McCain Camp Calls Palin Book “Revisionist,” “Self-Serving,” And “Fiction”
John McCain’s campaign manager Steve Schmidt (right), told Politico that charges about him in Sarah Palin’s new book are “made up.”
Schmidt, Palin writes, was “grim-faced” and “cool,” and tried to pin the campaign’s troubles on what he claimed was Palin’s post-partum depression, and even went to so far as to try and dictate her diet.
According to excerpts…, Palin “took in his rotund physique and noted that he used nicotine to keep his own cognitive connections humming along.”
“I’m a forty-four year old, healthy, athletic woman raising five kids and governing a large state, I thought as his words faded into a background buzz. Sir, I really don’t know you yet. But you’ve told me how to dress, what to say, who to talk to, a lot of people not to talk to, who my heroes are supposed to be and we’re still losing. Now you’re going to tell me what to eat?”
Palin complains in the book about McCain’s aides smoking, about Schmidt using “the f-bomb” in front of her child, Piper, and about being kept from talking to the press aboard the campaign plane.
“Aboard the campaign plane I was within twenty-five feet of reporters for hours on end. Headquarters’ strategy was that I should not go to the back of the aircraft and talk to the press,” Palin wrote, according to an excerpt that appeared Friday on the Drudge Report website. “At first this was subtle, but as the campaign wore on, [campaign aides] Tracey [Schmitt] or Tucker [Eskew] would call headquarters to request permission, and someone in DC would respond, ‘No! Absolutely not—block her if she tries to go back.’”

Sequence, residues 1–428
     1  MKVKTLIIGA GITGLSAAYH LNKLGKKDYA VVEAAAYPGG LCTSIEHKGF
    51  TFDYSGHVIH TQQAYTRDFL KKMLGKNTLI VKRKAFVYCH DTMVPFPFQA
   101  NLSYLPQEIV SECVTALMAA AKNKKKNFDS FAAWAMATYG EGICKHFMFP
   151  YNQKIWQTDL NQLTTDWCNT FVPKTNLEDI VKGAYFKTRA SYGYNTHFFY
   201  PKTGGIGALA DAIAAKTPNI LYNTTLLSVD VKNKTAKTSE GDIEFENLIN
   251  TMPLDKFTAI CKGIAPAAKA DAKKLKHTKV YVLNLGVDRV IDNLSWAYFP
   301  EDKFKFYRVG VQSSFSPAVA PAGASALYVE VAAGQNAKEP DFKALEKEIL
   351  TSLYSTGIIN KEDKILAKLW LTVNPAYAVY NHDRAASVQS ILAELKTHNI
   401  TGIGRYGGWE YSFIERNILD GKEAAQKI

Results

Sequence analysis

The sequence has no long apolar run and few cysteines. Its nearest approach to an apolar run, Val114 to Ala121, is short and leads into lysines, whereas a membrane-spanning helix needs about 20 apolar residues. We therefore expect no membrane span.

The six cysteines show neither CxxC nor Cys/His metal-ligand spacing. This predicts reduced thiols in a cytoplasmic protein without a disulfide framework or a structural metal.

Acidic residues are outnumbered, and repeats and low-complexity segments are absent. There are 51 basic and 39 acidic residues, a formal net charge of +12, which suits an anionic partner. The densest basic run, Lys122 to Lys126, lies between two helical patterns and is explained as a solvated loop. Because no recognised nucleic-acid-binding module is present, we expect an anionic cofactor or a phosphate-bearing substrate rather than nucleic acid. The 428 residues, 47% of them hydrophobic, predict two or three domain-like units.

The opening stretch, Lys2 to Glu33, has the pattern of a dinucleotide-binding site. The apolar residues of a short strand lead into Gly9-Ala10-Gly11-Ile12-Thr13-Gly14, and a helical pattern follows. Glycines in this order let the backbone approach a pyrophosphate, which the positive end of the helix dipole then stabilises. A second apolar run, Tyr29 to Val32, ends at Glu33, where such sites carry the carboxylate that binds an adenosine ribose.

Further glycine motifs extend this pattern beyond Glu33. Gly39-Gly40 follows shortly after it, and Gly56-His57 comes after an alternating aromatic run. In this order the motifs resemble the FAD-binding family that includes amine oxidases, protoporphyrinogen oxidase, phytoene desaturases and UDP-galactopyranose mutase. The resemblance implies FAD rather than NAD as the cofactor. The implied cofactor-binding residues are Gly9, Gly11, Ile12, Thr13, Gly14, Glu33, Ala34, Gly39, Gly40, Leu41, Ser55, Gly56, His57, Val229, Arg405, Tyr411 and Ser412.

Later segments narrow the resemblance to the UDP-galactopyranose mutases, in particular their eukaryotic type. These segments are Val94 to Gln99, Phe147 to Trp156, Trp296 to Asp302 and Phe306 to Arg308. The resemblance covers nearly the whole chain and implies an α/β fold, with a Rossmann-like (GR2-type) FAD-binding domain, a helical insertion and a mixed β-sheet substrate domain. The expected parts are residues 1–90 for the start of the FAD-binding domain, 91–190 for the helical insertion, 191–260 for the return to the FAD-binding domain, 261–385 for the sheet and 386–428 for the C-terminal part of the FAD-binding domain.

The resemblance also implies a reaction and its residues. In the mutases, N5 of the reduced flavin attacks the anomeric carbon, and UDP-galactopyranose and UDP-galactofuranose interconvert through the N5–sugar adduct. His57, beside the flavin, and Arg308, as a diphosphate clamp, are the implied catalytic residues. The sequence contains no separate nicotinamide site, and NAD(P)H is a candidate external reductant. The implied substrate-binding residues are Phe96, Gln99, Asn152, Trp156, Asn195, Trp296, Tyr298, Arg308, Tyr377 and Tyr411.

Funny that at the same time she complains about being kept from the press she says she was “pushed” to do the Katie Couric interview. Palin says campaign adviser Nicole Wallace (right) “pushed for Katie Couric and the CBS Evening News” because “Katie really needed a career boost.” Former campaign strategist John Weaver disputes this characterization.
“Sarah Palin reminds me of Jimmy Stewart in the movie ‘Harvey,’ complete with imaginary conversations. All books like these are revisionist and self-serving, by definition,” Weaver wrote in an email to POLITICO. “But the score-settling by someone who wants to be considered a serious national player is petty and pathetic.”
Palin’s account is also disputed by former McCain campaign manager Mark Salter (right).
Reflecting on the first set of interviews Palin did as the GOP vice presidential nominee, Salter said that the sit downs were “discussed and agreed to by senior members of the campaign staff in consultation with the candidate” and that Wallace did not choose either the journalists or the outlets Palin spoke to.
“Nicolle Wallace, along with others, was tasked with helping the Governor prepare for some of her interviews. She did not decide which interview requests the candidates would accept. Nor was she tasked with securing the candidates’ agreement,” Salter said.Click here for reuse options!
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